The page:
Interview with Actress Ramona Milano

Ramona Milano

Ramona Milano

ED- The Eerie Digest is excited and honored to introduce the highly acclaimed actress, Ramona Milano, to all our readers. Ramona has been in some of the most popular television shows over the past ten years and is an icon in her own right in many prime time television series. Ramona, tell us about your early childhood, and what inspired you to take up acting as a career.

RM- As a child I had no idea about “careers” and what that really meant, I just knew that I loved singing, dancing, and acting and imitating people. My child hood was pretty event-less to be honest, nothing tragic or traumatic or dramatic happened but at the same time, I’m not one of those people who raves about his/her youth. Mine was pretty “normal.” There was a big age difference between me and my little brother, we’re 6 years apart, and I spent a lot of time looking after him. I was the oldest grandchild and the only girl, so I was often responsible for minding the boys and “keeping an eye” on them. I was handed a lot of domestic responsibility at a young age so I think the artistic world allowed me to step out of that and into a world of creative possibilities which allowed me to use my imagination to the fullest.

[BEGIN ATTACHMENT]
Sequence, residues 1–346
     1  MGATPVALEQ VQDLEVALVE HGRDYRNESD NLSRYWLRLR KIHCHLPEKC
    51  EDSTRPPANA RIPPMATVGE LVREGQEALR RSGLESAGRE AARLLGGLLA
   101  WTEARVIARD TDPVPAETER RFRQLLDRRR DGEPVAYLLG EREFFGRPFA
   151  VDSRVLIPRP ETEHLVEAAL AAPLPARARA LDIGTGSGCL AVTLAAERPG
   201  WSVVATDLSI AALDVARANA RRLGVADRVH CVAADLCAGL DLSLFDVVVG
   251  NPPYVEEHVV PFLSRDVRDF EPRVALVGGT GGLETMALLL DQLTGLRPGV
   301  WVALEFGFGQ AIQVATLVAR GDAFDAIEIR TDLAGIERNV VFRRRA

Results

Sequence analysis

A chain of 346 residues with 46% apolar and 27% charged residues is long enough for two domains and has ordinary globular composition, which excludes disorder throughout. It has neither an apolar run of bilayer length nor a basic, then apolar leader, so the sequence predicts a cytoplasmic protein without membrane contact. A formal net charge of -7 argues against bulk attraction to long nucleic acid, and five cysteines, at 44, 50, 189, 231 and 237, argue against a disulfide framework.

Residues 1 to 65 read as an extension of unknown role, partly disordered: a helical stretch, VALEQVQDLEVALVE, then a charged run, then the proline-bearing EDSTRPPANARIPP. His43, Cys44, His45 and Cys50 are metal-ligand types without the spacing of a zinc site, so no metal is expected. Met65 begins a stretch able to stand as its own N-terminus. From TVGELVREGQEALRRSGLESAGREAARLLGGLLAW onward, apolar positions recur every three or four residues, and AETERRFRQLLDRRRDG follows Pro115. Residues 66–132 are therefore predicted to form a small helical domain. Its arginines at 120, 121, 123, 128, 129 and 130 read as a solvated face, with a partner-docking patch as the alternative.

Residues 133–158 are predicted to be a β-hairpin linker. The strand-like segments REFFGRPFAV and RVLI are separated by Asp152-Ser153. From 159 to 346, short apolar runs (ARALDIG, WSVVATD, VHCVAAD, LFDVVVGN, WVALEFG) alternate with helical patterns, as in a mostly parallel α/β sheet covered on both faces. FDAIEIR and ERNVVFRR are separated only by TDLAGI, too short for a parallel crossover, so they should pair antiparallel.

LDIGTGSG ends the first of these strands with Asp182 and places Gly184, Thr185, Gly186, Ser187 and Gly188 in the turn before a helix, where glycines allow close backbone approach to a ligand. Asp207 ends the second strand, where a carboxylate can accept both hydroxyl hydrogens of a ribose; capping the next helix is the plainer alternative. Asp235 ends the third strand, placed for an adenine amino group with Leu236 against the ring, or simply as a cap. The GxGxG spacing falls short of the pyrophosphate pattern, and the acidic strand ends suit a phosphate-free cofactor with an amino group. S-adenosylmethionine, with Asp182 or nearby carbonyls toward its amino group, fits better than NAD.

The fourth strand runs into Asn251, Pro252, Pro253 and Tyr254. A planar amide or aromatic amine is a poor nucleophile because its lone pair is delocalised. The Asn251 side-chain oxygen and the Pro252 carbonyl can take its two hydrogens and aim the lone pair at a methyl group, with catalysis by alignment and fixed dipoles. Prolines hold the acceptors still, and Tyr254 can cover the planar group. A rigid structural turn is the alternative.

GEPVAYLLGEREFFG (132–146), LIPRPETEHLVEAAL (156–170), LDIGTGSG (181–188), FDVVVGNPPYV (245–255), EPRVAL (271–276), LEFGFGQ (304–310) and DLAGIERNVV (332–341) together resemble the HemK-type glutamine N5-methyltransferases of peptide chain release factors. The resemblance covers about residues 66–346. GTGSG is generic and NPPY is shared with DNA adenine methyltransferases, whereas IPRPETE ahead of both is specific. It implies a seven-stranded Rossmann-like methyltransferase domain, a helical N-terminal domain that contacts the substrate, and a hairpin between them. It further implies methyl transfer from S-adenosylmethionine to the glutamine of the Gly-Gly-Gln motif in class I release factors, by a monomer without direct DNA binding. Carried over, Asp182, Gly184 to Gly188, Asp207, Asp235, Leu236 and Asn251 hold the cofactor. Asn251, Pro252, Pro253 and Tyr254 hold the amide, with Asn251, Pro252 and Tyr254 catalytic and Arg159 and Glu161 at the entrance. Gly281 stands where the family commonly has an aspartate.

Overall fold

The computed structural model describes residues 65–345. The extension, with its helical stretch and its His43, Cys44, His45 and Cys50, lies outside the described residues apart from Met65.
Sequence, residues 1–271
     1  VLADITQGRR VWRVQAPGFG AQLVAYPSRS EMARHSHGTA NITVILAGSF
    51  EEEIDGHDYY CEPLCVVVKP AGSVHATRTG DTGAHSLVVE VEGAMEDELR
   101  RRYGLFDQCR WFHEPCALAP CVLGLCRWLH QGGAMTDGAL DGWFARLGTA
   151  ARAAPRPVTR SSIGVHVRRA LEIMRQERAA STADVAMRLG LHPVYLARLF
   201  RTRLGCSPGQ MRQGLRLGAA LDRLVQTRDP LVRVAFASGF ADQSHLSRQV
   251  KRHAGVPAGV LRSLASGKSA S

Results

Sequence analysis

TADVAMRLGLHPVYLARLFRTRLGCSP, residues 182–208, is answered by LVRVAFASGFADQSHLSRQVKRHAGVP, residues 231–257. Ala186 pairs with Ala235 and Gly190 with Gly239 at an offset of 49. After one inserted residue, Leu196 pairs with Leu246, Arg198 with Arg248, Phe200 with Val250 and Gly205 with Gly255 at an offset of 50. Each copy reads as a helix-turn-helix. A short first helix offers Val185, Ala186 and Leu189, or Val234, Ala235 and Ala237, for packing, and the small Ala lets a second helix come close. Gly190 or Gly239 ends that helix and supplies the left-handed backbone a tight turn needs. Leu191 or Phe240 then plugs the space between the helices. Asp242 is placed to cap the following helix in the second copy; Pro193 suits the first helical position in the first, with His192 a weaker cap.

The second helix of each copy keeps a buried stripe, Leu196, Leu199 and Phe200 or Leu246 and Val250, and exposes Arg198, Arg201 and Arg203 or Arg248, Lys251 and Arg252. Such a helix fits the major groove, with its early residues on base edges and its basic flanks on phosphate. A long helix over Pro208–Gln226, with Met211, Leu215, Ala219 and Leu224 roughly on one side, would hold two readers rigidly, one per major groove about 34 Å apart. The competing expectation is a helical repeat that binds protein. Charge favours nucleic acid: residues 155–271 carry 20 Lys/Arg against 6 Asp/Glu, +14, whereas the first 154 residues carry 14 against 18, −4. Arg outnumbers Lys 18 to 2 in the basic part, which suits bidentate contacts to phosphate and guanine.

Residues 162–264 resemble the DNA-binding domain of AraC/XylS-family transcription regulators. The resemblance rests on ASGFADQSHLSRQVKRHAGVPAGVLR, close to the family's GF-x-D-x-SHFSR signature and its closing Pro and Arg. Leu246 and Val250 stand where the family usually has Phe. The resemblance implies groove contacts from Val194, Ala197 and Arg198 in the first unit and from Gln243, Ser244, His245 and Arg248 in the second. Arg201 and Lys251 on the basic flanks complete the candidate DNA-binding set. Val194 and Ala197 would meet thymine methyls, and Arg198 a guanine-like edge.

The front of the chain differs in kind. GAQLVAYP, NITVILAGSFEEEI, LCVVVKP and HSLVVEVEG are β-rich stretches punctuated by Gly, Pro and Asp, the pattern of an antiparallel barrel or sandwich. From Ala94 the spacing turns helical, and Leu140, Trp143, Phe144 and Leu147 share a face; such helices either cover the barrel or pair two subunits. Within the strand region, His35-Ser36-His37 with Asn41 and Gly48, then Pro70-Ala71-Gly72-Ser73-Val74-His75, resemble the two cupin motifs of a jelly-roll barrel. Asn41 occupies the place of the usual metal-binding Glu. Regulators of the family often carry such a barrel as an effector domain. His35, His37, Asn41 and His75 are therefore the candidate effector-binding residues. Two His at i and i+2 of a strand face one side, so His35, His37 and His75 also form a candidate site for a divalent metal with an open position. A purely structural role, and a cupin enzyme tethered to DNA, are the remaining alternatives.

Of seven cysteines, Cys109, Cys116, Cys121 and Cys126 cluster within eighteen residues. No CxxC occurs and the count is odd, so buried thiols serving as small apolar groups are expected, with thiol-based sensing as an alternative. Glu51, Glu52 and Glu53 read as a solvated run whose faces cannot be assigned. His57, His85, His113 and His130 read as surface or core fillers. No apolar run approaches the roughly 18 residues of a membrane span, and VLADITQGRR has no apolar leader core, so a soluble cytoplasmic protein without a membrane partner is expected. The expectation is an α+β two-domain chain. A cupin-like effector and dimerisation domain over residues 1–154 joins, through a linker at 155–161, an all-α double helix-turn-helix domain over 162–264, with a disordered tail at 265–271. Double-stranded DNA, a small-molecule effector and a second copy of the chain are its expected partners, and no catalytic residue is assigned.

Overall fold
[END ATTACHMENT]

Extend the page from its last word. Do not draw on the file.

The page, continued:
ED- With many students of the Arts following our magazine for guidance on their dreams of becoming actors, tell us about your preparation for your career and the education that you took towards it.

RM- I started taking lessons at a young age. I was taking dance lessons and music lessons before I turned 10, and always involved myself in school productions. In grade eight I was so proud because I landed the lead role in Mary Poppins! I was a drama major and a musical theater minor at the Etobicoke School of the Arts high school. I got a job performing at Canada’s Wonderland before I even graduated at 17 years old. After graduation, I attended Humber College for drama. Even after my college studies I always immersed myself in classes and workshops all over the city, studying with as many people as I could. My favourite experience was studying with the legendary, late Michael Shurtleff, famous for his book, Audition. Over the past 20+ years, I still take courses from time to time focusing on areas of current interest. Last spring (April 2010) I took a theatre directing course at Tarragon theatre, instructed by Tarragon’s artistic director, Richard Rose.

ED- Tell us of your earlier work at Canada’s Wonderland Park and how this helped you gain the confidence needed to succeed in your work.